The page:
Banner blindness has been a web user behaviour for a very long time – essentially, it describes people’s tendency to ignore page elements that they believe to be ads. This perception might be correct or incorrect, but this perception exists. Even when as webpage patterns have evolved, banner blindness is still prevalent.
Largely, it is an instance of selective attention as people only tend to direct their attention to only things which are a subset of the stimuli in the environment. This is owing to the fact that owing to the facTagst that we are engulfed with an enormous inflow of sounds and patterns and hence, we behave rather sporadically.
On the web, UI elements and different pieces of content are all designed to arrest the attention of a user. In order to complete their tasks efficiently, people pay attention to elements that they believe are helpful for them (for instance, the search boxes, subheadings and navigation bars). They tend to ignore those elements that do not have any information and ads are the most prominent member of this last category. Hence it leads to banner blindness.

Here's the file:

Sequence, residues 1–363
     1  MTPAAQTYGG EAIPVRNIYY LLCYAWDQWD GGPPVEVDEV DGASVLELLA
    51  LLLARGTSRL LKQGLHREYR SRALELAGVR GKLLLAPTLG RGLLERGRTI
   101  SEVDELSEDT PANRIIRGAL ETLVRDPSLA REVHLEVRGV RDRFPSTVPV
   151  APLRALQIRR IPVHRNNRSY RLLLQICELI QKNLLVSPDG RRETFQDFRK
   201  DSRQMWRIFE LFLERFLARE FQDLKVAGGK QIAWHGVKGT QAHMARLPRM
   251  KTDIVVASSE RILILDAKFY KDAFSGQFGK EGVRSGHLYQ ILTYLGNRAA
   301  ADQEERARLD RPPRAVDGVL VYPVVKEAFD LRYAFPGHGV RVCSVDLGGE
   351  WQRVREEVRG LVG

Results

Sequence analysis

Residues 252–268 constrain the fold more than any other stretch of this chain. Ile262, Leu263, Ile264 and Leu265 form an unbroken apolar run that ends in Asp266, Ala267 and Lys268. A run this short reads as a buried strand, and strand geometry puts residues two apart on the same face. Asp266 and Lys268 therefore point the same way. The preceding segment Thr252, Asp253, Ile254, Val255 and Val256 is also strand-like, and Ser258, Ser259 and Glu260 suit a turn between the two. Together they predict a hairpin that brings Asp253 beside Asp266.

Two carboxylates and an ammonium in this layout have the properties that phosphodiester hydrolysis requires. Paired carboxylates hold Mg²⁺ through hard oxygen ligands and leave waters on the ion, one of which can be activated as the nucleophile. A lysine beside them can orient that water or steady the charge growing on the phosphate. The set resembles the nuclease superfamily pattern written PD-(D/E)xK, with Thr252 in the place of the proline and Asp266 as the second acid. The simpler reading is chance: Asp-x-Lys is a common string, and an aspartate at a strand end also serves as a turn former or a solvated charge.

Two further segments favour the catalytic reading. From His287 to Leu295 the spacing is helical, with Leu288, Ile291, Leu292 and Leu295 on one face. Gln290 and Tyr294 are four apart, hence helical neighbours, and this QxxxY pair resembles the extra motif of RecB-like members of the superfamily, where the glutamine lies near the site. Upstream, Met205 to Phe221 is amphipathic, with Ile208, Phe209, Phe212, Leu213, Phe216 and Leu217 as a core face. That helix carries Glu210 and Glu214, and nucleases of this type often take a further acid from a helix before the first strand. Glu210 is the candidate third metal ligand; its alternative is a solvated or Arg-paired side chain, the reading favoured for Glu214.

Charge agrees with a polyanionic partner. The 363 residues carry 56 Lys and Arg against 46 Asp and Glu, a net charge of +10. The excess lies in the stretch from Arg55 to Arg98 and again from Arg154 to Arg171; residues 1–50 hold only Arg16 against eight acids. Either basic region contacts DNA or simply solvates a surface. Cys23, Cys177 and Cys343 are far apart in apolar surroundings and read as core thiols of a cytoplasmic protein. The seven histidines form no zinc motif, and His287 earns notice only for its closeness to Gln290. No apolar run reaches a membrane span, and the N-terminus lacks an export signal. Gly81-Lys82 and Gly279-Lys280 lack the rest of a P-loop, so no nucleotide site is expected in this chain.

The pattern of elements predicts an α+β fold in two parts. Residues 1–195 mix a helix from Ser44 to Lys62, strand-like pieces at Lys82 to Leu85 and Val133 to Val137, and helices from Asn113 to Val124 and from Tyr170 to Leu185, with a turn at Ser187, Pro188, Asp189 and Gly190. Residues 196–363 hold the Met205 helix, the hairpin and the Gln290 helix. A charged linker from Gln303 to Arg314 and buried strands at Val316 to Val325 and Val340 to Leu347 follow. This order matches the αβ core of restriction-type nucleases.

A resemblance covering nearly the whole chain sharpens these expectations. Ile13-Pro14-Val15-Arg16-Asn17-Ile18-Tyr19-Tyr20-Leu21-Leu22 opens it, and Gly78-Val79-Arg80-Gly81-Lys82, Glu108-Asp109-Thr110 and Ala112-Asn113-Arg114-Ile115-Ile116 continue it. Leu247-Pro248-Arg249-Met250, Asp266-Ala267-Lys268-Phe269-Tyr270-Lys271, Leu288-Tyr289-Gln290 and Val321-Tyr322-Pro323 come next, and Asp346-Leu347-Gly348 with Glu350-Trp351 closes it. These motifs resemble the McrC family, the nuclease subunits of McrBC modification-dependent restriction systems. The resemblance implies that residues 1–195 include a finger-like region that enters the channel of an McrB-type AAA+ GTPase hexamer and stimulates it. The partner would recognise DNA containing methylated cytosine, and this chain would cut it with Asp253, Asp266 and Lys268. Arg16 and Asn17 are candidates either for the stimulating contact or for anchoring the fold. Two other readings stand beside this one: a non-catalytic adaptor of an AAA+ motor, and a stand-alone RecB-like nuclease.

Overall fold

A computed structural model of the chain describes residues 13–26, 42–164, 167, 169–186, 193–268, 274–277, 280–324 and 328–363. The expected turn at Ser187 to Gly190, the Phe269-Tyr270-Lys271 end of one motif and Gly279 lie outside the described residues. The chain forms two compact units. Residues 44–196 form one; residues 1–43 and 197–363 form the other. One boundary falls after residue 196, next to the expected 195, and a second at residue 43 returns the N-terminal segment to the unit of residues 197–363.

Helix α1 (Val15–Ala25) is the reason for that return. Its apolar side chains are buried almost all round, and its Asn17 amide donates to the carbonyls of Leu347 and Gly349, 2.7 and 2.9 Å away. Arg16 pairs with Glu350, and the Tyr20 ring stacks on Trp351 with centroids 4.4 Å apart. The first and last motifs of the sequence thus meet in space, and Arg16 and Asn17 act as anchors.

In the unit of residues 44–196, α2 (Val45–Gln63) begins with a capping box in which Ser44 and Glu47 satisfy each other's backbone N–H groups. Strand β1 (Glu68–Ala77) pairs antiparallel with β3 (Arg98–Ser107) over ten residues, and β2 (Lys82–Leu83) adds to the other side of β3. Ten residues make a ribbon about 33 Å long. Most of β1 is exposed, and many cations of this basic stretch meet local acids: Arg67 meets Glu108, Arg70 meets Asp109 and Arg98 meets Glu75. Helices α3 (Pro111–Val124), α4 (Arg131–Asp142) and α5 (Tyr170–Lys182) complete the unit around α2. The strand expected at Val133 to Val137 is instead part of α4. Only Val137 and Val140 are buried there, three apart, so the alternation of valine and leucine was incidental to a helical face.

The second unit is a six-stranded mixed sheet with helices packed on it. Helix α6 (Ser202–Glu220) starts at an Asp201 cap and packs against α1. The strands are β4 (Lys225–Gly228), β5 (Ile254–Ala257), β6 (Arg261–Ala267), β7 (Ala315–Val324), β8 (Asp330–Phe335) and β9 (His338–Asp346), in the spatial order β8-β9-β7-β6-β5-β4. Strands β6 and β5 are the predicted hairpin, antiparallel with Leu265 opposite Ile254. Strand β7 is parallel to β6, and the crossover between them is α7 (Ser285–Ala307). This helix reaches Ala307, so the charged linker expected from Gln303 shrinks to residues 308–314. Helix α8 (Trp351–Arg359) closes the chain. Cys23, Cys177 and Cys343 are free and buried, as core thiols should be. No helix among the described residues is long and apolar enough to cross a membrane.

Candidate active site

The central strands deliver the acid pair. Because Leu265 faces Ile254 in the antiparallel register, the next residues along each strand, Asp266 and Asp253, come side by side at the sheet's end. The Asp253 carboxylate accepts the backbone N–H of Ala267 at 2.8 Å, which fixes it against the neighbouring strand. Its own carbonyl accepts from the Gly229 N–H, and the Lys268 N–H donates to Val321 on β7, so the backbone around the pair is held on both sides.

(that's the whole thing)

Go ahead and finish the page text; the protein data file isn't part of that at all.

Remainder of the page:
Here are a few content elements that do resemble ad-like characteristics and are hence, ignored. Here are a few characteristics of an ad:
- Ad-specific placement, that includes top of the page or the right side of the page
- Ad-like visual treatment that includes animation
- Proximity to promotions or actual ads